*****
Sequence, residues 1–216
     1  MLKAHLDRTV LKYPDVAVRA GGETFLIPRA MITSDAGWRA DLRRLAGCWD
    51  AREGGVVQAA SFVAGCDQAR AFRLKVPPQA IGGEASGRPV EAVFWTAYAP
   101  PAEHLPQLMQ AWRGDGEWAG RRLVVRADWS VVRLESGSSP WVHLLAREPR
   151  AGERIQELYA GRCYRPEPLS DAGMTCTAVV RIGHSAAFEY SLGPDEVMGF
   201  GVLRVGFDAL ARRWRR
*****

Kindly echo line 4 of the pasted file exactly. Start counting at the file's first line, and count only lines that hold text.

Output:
   101  PAEHLPQLMQ AWRGDGEWAG RRLVVRADWS VVRLESGSSP WVHLLAREPR